If you were to ask many of the Generation X members of the technology community about what inspired them to become computer scientists, engineers, and entrepreneurs – it may be the emergence of “Virtual Reality” as a new computing paradigm in the early ’90s. The novel that introduced the world to cyberspace – Neuromancer – by William Gibson provided a vision of what cyber space and virtual reality were supposed to be. It consisted of immersive interfaces composed of everyday, interactable objects and for future computer scientists it promised exciting possibilities. In Gibson’s vision, you could interact with data in ways that you interact with your physical world. Interfaces became objects, and abstractions were grounded in immersive virtual worlds. It was an exciting book that sparked a generation of scientists to bring an immersive world to life. Fast forward to today’s device-centric culture, virtual environments promise the ability to interact with data without having to look through the 4×7-inch window of your cellphone.
It may have taken a few decades longer than expected, and we’re still not to the level of Gibson’s fictional world, but scientific progress is definitely being made. Researchers at Microsoft have recently introduced a working prototype of a system they call “SurroundWeb” – an immersive room-sized experience for viewing web content. The project is a revitalization of the IllumiRoom project that most folks had thought would never make it out of the lab. This new initiative seems to be focusing on how in-home users can make use of immersive projection for practical applications.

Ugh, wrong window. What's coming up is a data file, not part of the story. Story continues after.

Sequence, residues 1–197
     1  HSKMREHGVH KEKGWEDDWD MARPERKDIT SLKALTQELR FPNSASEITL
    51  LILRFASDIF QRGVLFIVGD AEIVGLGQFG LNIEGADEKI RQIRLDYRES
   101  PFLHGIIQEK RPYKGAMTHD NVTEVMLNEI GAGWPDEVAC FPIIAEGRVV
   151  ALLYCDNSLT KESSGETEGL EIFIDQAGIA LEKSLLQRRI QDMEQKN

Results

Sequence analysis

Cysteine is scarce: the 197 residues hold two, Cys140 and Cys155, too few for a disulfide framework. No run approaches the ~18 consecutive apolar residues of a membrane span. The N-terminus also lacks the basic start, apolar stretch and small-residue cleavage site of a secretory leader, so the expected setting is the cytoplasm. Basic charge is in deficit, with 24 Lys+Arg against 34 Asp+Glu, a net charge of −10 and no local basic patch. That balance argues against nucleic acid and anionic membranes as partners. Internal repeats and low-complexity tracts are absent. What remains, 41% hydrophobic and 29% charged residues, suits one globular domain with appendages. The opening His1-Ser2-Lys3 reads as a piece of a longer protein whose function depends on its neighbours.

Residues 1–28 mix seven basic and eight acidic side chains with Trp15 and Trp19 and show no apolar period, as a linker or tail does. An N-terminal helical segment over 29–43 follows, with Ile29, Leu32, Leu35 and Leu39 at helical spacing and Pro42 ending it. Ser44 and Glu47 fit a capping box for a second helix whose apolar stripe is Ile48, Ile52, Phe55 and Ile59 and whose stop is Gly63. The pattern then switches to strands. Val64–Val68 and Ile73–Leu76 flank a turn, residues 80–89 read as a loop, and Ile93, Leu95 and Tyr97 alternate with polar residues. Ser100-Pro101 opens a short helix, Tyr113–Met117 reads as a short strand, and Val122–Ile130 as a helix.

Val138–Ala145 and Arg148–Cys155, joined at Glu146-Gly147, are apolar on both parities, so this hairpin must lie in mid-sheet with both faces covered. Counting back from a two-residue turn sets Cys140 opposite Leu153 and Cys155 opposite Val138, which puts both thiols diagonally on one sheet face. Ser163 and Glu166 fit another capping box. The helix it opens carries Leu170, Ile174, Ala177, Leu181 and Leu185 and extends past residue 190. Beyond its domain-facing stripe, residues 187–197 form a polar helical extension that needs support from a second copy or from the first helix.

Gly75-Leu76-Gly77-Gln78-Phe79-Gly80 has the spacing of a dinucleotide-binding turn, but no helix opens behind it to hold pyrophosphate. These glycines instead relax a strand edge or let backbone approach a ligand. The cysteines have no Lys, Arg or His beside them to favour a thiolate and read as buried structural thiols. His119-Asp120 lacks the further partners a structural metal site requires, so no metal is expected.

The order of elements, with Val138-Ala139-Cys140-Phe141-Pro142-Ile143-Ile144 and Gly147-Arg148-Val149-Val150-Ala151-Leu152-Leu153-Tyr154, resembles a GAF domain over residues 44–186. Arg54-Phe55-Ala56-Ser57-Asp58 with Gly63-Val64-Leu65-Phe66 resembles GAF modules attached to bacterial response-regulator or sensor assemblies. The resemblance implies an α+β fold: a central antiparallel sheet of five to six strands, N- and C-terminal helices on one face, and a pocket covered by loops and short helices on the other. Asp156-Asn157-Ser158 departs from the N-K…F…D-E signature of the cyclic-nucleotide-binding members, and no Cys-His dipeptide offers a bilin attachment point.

The system makes use of advances in 3D depth mapping and augmented reality through projectors to transform a room environment into one that is covered in interactable web pages. By combining the ability to map projected displays to open regions in your environment with gestural interfaces – the room itself is transformed into an application and visualization landscape without the need for the user to interact with a device. Even more interesting, the system is able to determine how to map information onto just about any surface that can accept projection, automatically. Unlike immersive environments of the past, like the famous CAVE, specialized projection screens, and a dedicated room are no longer needed. To me, this means that the system can make its way into common spaces and will be accepted by end-users much faster than the expensive, dedicated visualization displays of times past.
Of course, this is research, and in my experience it will take another five to seven years before commercially viable systems come online. The work is important for my readers to note because of the underlying trend – the ability to present public and immersive interfaces without the need for a specific device.
I’ve spoken to some very large AV companies that have similar visions driving their research agendas. The idea that users will no longer be bound to picture-frame edges of our displays is interesting to think about and has far reaching implications — from how consumers will watch TV, to how meetings will be conducted in corporate enterprises. I’m excited to think about these prospects – how about you?